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Sébastien Bobinet

Sébastien Bobinet

It was in 2012 that the wines of Sébastien Bobinet first came to my attention, a serendipitous discovery which resulted from adding a bottle of his 2008 Amatéüs Bobi to make up a case of wine I purchased. The other wines, from the likes of Richard Leroy, François Pinon and Lise et Bertrand Jousset; all those bottles were soon tucked away in the cellar, but this 2008 Saumur-Champigny, bought on a whim, was kept close at hand and opened soon after, with no ceremony. It was uncommonly good, and ever since that day I have kept an eye out for the wines of Sébastien Bobinet. Then, a year or two later, I had the good fortune to meet Sébastien himself, and to learn a little more about the man and his wines.

History

Although like many domaines in Saumur and Saumur-Champigny (and Saumur Puy-Notre-Dame I suppose) Sébastien’s vineyards have a very long history, the story of the domaine as we see it today is in fact very brief. The Bobinet family have been tending vines in the region for several centuries, and Sébastien stakes a claim as the eighth generation of his family to do so. Even so, what he inherited from his grandfather in 2002 was just 2 hectares of vines, never enough for these to have constituted a profitable domaine. I believe that the domaine had once been larger, but that Sébastien’s father, who had no interest in viticulture or winemaking, had sadly sold off many of the plots.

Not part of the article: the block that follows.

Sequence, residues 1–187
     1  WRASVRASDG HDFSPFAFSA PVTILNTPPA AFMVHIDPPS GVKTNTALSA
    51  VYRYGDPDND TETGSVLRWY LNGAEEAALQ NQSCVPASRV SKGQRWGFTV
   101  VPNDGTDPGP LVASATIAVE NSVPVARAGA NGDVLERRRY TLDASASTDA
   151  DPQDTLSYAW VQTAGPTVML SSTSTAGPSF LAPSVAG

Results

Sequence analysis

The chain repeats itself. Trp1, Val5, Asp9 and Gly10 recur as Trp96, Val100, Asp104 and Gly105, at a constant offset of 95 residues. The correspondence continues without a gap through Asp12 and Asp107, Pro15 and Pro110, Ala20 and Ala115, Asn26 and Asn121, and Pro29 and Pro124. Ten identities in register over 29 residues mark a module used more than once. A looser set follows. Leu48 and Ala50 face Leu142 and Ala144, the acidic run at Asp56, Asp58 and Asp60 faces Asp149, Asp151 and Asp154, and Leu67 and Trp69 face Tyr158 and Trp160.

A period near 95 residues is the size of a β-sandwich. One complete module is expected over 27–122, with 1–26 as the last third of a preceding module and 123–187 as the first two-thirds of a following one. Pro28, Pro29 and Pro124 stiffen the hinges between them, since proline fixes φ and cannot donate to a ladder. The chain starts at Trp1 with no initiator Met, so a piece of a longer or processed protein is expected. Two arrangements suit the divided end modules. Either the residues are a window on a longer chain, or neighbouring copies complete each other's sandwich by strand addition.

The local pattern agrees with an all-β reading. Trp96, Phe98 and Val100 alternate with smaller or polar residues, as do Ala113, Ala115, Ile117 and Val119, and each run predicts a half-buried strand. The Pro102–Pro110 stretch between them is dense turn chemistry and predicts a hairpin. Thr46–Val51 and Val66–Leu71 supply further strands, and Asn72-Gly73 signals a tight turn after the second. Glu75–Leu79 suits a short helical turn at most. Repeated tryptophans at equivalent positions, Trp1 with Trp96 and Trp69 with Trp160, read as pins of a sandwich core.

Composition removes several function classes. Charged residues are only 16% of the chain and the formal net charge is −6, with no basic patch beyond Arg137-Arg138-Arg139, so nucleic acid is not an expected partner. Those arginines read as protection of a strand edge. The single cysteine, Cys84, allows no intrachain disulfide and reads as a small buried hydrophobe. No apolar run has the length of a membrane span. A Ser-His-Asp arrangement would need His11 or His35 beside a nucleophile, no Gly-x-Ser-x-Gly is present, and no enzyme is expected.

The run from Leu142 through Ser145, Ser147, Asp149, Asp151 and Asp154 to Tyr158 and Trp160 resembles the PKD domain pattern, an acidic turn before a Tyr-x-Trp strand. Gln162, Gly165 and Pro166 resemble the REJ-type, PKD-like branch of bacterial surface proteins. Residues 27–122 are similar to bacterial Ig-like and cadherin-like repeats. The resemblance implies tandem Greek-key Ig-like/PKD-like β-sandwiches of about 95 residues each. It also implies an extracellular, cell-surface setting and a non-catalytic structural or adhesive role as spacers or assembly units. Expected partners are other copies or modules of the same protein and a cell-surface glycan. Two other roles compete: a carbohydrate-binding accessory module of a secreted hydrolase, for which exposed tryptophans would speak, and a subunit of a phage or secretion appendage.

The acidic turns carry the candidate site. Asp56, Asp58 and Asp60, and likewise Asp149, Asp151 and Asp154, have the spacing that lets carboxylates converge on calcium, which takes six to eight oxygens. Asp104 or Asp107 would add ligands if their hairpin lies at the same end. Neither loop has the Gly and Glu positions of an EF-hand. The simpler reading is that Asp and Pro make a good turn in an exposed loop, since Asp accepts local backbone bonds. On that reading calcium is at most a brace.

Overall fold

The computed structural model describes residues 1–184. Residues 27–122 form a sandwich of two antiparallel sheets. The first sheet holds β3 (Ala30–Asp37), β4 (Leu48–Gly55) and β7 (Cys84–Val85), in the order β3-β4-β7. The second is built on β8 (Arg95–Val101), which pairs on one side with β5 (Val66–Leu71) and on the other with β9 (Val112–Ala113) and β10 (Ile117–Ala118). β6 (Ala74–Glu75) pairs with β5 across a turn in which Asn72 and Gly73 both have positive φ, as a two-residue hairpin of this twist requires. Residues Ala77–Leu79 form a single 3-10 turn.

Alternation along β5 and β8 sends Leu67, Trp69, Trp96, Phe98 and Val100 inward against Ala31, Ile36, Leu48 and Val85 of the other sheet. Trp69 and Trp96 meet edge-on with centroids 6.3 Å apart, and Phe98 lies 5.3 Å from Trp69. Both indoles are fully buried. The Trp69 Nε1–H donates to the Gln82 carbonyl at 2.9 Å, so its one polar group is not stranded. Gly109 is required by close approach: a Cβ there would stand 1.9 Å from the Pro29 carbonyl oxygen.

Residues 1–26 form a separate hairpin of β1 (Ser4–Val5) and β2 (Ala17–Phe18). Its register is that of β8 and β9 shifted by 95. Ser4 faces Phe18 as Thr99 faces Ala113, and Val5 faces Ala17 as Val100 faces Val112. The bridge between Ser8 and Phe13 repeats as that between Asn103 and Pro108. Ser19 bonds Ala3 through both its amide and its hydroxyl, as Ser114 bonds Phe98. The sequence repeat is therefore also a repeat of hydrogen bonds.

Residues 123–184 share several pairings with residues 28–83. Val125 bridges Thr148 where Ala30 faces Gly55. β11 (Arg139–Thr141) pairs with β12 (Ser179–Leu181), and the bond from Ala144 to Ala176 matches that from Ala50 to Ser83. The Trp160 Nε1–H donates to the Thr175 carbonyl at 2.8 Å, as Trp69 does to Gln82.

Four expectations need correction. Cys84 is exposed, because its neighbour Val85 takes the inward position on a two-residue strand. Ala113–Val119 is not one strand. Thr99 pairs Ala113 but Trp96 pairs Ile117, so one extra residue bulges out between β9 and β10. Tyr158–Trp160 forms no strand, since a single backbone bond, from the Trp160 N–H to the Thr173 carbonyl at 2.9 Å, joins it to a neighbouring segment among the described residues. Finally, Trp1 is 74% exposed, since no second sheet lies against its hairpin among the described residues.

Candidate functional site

Sébastien Bobinet

So Sébastien started in 2003, his first full vintage, with no formal wine education, and just a few rows of vines. Today he remains largely self-taught, having learnt about viticulture and winemaking as he went along, usually at the side of his many neighbours and peers. Some of these local influences on his practices are notable, as his unofficial mentors include the Foucault brothers of Clos Rougeard, and Olivier Cousin. Indeed, many of those who have influenced Sébastien seem to come from the more ‘natural’ arena, including Jules Chauvet and Marcel Lapierre, two very familiar names, as well as Bernard Pontonnier, who ran a wine bar in Paris and was a significant figure in the ‘natural’ wine scene before the movement had even been recognised. Indeed, Sébastien collaborated with several Paris restaurateurs including the aforementioned Bernard Pontonnier as well as Xavier Amat in the making of several special cuvées, the carbonic maceration Greta Carbo in the case of the former, the Amatéüs Bobi in the case of the latter.

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